In an environment such as the one just described, digital processing is an integral part of the overall operation of the system, whose purpose is for the storage and retrieval of user data, typically recorded with very high-density bit streams in a modified FM recording format. It is thus desirable and perhaps essential to use such digital processing techniques (e.g., by microprocessor control) in decoding and utilizing the positioning information, but it does not necessarily follow that the most effective and advantageous systems to be employed for this purpose should utilize "off the shelf" integrated circuit A/D converters, either for the quantification of the A and B servo-positioning bursts, or for the decoding of the track-identification information.
Briefly stated, the method and apparatus of the invention comprises novel A-to-D conversion procedures by which anticipated signal bursts are processed to obtain pulses whose particular width is dictated by the amplitude of the detected or received bursts, and whose particular width is quantified directly by using the magnitude of the pulse to drive a counter-timer. The resulting count thus integrally embodies a digitized representation of the initial analog signal burst, and provides a digital signal which is directly available for further digital processing as for example by storage in memory and comparison or computation through use of digital components or devices.
Considered from a somewhat more particular perspective, the method and apparatus of the invention in a preferred embodiment comprises discrete hardware componentry utilized in conjunction with what may be typical or known types of read channel electronics in a digital storage device, for example magnetic disc or tape, which in effect separately channels the detected positioning signals after differentiation thereof, to subject such signals to timed and comparative sample-and-hold techniques using as a reference a known function generated during an identical period, the reference and the held, sample signal being applied to a bi-stable device (e.g., comparator) whose shifting states trigger a counter-timer and thus produce the afore-mentioned digital count.
As indicated above, the conversion apparatus and method of the invention are most advantageously applicable to embedded servo-tracking systems, and in particular to certain such systems utilized in connection with magnetic tape as a recording media, and with positioning information formats including both track-identification information and servo-positioning information. In such environment, the methodology of the invention provides for use of the same basic digital conversion circuitry and components for use in both decoding track addresses and for comparing the A and B servo-positioning signals and generating an error signal therefrom. In particular, the system produces digital representations of the track addresses and of A and B positioning signal magnitudes, and thus directly provides digital signals from which a normalized error signal may be produced by digital computation techniques.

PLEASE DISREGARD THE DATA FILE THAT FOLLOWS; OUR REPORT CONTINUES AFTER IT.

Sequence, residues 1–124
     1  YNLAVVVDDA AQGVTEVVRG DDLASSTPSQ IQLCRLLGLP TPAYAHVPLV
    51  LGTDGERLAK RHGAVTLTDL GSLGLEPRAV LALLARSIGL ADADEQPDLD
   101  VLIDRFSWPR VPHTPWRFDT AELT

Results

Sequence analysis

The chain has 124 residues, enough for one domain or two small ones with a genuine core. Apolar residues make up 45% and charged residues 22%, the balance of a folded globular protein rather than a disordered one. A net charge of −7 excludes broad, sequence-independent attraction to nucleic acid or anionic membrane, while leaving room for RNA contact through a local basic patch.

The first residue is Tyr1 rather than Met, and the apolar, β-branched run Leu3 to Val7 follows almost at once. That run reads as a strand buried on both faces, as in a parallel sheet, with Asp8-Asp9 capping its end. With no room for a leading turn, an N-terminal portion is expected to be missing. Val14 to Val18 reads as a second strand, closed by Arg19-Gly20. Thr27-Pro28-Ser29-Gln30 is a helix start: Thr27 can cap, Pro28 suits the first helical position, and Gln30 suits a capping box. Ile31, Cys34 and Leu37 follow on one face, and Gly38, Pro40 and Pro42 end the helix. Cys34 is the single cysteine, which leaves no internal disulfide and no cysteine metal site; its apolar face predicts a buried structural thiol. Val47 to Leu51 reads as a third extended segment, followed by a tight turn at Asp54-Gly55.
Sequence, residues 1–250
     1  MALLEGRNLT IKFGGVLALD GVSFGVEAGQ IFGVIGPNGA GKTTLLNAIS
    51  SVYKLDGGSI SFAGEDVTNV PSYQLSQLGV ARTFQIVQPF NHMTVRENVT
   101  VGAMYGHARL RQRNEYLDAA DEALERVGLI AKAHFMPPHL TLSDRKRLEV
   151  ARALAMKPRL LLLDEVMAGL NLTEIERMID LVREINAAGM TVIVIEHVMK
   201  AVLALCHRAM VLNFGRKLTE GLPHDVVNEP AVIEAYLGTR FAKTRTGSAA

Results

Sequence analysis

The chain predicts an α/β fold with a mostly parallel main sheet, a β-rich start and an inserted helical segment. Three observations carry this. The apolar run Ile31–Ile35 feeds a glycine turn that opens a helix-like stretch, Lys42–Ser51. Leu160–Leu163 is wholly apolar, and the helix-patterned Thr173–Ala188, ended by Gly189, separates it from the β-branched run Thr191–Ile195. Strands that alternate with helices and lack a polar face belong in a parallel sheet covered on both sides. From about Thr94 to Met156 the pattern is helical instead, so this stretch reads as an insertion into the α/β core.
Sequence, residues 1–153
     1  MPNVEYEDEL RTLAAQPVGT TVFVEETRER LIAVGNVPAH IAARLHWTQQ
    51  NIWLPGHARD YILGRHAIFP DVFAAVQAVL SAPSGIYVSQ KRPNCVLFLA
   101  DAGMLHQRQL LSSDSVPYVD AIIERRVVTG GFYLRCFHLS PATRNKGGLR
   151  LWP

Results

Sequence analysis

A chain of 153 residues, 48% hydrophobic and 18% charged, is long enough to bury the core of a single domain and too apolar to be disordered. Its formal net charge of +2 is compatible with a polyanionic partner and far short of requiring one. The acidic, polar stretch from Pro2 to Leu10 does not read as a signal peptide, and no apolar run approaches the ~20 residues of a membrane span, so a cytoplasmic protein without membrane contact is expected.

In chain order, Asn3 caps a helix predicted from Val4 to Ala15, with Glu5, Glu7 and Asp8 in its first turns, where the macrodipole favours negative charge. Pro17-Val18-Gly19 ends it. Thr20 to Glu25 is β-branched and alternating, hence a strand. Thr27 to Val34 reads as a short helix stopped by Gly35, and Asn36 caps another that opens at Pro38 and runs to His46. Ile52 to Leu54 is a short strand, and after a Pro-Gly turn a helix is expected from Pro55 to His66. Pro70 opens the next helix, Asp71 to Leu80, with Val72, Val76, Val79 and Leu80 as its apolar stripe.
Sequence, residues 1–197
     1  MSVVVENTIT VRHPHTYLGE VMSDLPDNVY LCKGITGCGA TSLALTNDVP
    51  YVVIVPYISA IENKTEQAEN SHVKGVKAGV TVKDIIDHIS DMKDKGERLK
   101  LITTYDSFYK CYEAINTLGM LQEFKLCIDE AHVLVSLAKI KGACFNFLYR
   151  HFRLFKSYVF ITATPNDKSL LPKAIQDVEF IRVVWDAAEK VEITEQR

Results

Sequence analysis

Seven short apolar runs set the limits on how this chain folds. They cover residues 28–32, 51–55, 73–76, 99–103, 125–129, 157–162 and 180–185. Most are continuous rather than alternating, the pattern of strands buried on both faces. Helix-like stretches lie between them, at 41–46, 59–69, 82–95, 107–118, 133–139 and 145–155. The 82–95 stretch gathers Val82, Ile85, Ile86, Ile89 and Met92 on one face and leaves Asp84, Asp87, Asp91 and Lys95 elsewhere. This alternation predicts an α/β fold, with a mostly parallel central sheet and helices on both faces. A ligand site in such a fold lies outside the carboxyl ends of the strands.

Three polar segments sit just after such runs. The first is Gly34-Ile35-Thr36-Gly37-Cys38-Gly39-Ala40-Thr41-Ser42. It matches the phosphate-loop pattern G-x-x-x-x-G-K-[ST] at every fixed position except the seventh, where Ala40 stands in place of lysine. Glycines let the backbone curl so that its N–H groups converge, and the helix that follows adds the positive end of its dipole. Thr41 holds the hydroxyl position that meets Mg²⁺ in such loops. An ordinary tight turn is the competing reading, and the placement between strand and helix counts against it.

The method and apparatus of the invention thus provide desirable and effective digital conversion techniques and circuitry by use of discrete hardware components providing multiple-purpose results on a more advantageous cost-effective basis than would be true, for example, by use of typical integrated circuit components. Additional objectives and advantages of the invention will be made more apparent upon consideration of the ensuing specification and by reference to the attached drawings, depicting a particular preferred embodiment of the invention.
In the drawings:
FIG. 1 is reproduced from the aforementioned copending application Ser. No. 280,138, and illustrates a preferred and illustrative format for positioning information, in conjunction with which the method and apparatus of the invention are particularly advantageous and in connection with which the same will be explained;
FIGS. 2a and 2b, are also reproduced from the aforementioned co-pending application, and constitutes an illustrative timing and decoding illustration of an exemplary track-identification format;
FIG. 3 is a system block diagram showing the general attributes of a preferred read/write system for use in storage apparatus in accordance herewith; and
FIG. 4 is a schematic circuit diagram illustrating one particular preferred embodiment of the invention.
As indicated above, FIGS. 1, 2a, and 2b are reproduced from co-pending and commonly-owned application Ser. No. 280,138, and serve to depict an illustrative, but preferred, embedded servo format and track-identification coding scheme, in connection with which the present invention will be explained.